Yesterday, on August 26, the weekly EIA Petroleum Inventories numbers came in. Crude oil inventories in the US fell by 5.5M barrels, above estimates of a build up of 1M barrels. Meanwhile, gasoline inventories increased by 1.7M barrels, compared to estimates of a decline of 1.1M barrels. While distillates inventories rose by 1.4M barrels, versus estimates of an 0.6M barrel increase.
Taken altogether, this report was very bullish for oil. However, the market was simply not buying it, sending crude lower, with WTI now below $39 per barrel. Though paradoxically, ETFs following the commodity such as United States Oil Fund (NYSEARCA:USO) and the Energy Select SPDR ETF (NYSEARCA:XLE) actually ended the day higher.
Markets were focused on gasoline to a fault
As is the case with bear markets, the good news (lower crude oil inventories) was ignored and attention instead focused on the bad news. The headlines were all focused on the larger than expected gasoline buildup, with even the WSJ claiming that gasoline demand is falling. However, looking deeper into the numbers, it is obvious that many of these are not up to par.
First, looking at the week to week numbers is going to add tons of volatility. For example, BP's (NYSE:BP) large refinery located at Whiting Indiana has just recently restarted crude after repairing a distillation unit that unexpected broke down earlier in the month.
Looking over a longer term, over the past 4 weeks US gasoline consumption has averaged 9.6M bpd, up 530,000, or 6%, from last year levels. This is a huge year over year increase, sparked largely by decade low prices as drivers can now once again drive their gas guzzlers without taking too much of a hit in the wallet
Indeed, data points to surging demand for gasoline, not falling. The amount of gasoline supplied to the markets is sky high, well above average. Much of this increase supply in gasoline has been absorbed.
This increase has been caused by near record production from US based refineries, which are running at near full capacity, taking advantage of the high crack spreads (refiner margins) and the large amounts of discounted crude oil out there.
Just looking at the numbers, by the days worth of current consumption, stockpiles of gasoline are actually below their 10-year average range.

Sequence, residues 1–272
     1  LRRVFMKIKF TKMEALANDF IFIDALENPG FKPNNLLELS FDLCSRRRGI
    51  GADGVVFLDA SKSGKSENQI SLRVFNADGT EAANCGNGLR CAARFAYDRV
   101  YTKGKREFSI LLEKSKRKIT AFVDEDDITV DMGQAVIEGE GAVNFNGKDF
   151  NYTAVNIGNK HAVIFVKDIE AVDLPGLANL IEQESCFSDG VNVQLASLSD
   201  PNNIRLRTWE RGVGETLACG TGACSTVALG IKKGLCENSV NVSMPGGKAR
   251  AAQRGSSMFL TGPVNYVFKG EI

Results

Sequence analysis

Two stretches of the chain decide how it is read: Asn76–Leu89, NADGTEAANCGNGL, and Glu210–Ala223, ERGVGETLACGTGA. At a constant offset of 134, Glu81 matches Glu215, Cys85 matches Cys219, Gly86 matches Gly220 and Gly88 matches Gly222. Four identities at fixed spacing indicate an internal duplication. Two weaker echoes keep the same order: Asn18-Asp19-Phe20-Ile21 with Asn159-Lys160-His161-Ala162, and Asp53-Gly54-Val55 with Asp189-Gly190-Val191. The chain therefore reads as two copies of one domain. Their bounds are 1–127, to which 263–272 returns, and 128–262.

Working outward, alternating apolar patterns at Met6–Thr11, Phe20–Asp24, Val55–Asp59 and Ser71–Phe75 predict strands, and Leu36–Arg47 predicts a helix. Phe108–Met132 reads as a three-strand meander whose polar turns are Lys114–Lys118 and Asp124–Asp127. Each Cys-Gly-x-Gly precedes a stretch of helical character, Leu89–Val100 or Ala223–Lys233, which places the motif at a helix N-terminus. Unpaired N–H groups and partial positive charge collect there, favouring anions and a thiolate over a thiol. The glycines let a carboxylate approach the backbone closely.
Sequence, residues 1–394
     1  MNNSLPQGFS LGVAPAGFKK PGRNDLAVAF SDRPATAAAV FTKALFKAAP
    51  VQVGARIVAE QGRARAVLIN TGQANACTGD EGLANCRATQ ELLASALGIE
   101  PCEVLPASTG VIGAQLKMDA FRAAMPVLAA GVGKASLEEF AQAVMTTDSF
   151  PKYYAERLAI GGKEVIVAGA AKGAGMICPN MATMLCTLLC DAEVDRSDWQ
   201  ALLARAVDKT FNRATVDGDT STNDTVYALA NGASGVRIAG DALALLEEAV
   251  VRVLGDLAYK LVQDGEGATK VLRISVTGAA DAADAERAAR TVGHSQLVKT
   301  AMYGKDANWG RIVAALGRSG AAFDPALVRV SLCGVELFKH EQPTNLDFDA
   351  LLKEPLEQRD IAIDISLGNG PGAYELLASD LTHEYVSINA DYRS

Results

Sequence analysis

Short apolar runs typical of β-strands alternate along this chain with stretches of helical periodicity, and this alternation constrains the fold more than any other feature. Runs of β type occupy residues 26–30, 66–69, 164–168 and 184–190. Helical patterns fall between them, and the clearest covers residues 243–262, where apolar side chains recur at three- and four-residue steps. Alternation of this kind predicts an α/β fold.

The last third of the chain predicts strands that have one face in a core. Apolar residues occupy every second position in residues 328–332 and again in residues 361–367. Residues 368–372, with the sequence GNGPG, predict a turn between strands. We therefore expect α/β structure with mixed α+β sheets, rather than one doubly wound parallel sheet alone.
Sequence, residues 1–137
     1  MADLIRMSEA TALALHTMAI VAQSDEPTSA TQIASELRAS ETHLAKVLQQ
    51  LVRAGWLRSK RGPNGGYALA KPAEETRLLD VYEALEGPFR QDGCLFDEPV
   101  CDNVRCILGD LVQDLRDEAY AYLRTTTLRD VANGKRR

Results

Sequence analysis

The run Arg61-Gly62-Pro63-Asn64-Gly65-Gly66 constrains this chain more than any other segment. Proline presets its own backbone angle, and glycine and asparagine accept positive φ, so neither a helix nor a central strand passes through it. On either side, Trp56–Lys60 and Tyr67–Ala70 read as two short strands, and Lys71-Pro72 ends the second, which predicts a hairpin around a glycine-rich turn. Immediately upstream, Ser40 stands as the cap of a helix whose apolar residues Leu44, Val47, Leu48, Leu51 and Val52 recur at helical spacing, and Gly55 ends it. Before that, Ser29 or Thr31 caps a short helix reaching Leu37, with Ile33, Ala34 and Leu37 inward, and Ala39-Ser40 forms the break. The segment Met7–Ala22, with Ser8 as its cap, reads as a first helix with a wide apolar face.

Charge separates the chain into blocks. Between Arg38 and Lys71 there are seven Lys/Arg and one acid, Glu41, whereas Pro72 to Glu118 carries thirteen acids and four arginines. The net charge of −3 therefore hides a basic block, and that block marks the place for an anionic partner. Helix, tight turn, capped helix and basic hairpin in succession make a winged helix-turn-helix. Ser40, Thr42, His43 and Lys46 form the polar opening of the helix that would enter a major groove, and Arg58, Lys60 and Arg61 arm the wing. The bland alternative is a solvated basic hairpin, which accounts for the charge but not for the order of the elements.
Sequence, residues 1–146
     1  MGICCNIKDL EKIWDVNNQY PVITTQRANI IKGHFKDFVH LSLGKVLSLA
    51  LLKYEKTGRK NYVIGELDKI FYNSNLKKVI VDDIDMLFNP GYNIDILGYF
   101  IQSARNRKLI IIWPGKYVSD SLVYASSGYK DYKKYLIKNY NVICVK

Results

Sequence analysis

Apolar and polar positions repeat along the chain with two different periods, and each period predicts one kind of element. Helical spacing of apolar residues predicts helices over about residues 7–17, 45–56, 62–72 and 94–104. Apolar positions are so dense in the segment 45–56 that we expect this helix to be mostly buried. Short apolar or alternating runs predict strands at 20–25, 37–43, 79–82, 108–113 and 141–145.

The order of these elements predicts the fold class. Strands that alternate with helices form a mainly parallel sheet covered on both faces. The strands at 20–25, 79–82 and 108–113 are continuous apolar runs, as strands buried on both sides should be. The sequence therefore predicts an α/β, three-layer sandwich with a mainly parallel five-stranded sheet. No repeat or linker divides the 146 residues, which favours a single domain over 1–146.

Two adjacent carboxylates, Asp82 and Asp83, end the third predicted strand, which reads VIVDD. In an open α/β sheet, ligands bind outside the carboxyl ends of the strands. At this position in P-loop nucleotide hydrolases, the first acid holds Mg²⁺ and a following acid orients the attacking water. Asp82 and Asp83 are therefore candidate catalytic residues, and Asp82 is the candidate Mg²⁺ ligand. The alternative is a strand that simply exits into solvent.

Indeed, along the West Coast, there are actually fears of a gasoline shortage. Stockpiles have dwindled to their 10-year lows due to local refinery issues and strong demand. This has resulted in prices for that region being much higher (an average of ~$0.75 per gallon) than in the rest of the country, even when adjusting for higher taxes.
In other words, don't buy the hype that gasoline demand is falling. The collapse of oil prices has made the producers of that commodity, refiners, one of the few winners in the oil patch.
I believe the large cap refiners such as Phillips 66 (NYSE:PSX) Valero (NYSE:VLO), Marathon Petroleum (NYSE:MPC) are the best low-risk way to play oil if you think that the consensus is right and oil prices (especially WTI) will remain low for awhile. These are also modest winners if prices go up slowly, but they could turn into losers if prices quickly surge higher.
For income, though at much higher risk, the downstream refiner MLPs such as Northern Tier Energy (NYSE:NTI), Alon USA (NYSE:ALDW), and CVR Refining (NYSE:CVRR) can potentially offer yields of 15% to 20%range in the current environment.
These refiners are basically printing money given where crack spreads here in the US, ranging from $15 to $25 per bbl over the past few weeks. As shown by their price action, refiners have not been impacted by lower oil prices, despite their fundamentals improving. I believe these refiners can rally once the market realizes just how profitable they are.
Disclaimer: The opinions in this article are for informational purposes only and should not be construed as a recommendation to buy or sell the stocks mentioned. Please do your own due diligence before making any investment decision.
Disclosure: I am/we are long PSX, NTI.
I wrote this article myself, and it expresses my own opinions. I am not receiving compensation for it (other than from Seeking Alpha). I have no business relationship with any company whose stock is mentioned in this article.